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Fast Randomized TestandSet and Renaming
"... Most people believe that renaming is easy: simply choose a name at random; if more than one process selects the same name, then try again. We highlight the issues that occur when trying to implement such a scheme and shed new light on the readwrite complexity of randomized renaming in an asynchron ..."
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Most people believe that renaming is easy: simply choose a name at random; if more than one process selects the same name, then try again. We highlight the issues that occur when trying to implement such a scheme and shed new light on the readwrite complexity of randomized renaming in an asynchronous environment. At the heart of our new perspective stands an adaptive implementation of a randomized testandset object, that has polylogarithmic step complexity per operation, with high probability. Interestingly, our implementation is anonymous, as it does not require process identifiers. Based on this implementation, we present two new randomized renaming algorithms. The first ensures a tight namespace of n names using O(n log 4 n) total steps, with high probability. This significantly improves on the complexity of the best previously known namespaceoptimal algorithms. The second algorithm achieves a namespace of size k(1 + ɛ) using O(k log 4 k / log 2 (1 + ɛ)) total steps, both with high probability, where k is the total contention in the execution. It is the first adaptive randomized renaming algorithm, and it improves on existing deterministic solutions by providing a smaller namespace, and by lowering step complexity.
Asynchronous Exclusive Selection
"... The distributed setting of this paper is an asynchronous system consisting of n processes prone to crashes and a number of shared readwrite registers. We consider problems regarding assigning integer values to processes in an exclusive way, in the sense that no integer is assigned to two distinct p ..."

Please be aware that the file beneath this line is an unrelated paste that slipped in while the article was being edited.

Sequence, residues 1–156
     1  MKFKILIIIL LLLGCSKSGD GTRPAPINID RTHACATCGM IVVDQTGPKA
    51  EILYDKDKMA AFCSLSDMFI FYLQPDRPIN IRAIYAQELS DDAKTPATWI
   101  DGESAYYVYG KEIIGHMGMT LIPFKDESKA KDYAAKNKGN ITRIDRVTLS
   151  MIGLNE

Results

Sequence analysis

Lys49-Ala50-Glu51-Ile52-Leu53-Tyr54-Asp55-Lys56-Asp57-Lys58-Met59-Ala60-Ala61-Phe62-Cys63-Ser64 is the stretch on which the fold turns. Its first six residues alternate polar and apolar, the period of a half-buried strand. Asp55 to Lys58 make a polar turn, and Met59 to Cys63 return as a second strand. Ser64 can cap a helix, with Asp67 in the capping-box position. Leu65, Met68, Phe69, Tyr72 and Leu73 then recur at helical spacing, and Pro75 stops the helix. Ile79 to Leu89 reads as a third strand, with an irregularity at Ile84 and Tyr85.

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The distributed setting of this paper is an asynchronous system consisting of n processes prone to crashes and a number of shared readwrite registers. We consider problems regarding assigning integer values to processes in an exclusive way, in the sense that no integer is assigned to two distinct processes. In the problem of renaming, any k ≤ n processes, that hold original names from a range [N] = {1,..., N}, contend to acquire unique integers as new names in a smaller range [M] using some r shared registers. When k and N are known, our waitfree solution operates in O(log k(log N + log k log log N)) local steps, for M = O(k), and with r = O(k log N) auxiliary shared registers. Processes obtain new k names by exploring their neighbors in bipartite graphs of suitable expansion properties, with nodes representing names and processes competing for the name of each visited node.} local steps are required in the worst case to waitfree solve renaming, when k and N are known and r and M are given constraints. We give a fully adaptive solution, with neither k nor N known, having M = 8k − lg k − 1 as a bound on the range of new names, operating in O(k) steps and using O(n 2) registers. We apply renaming algorithms to obtain solutions to the Store&Collect problem. When both k and N are known, then storing can be performed in O(log k(log N + log k log log N)) steps and collecting in O(k) steps, for r = O(k log(N/k)) registers. We consider the problem UnboundedNaming in which processes repeatedly require new names, while no name can be reused once assigned, so that infinitely many integers need to be exclusively assigned as names. For no fixed integer i can one guarantee in a waitfree manner that i is eventually assigned to be a name, so some integers may never be used; the upper bound on the number of such unused integers is used as a measure of quality of a solution. We show that UnboundedNaming is solvable in a nonblocking way with at most n −1 integers never assigned as names, which is best possible, and in a waitfree manner with at most n(n − 1) values never assigned as names.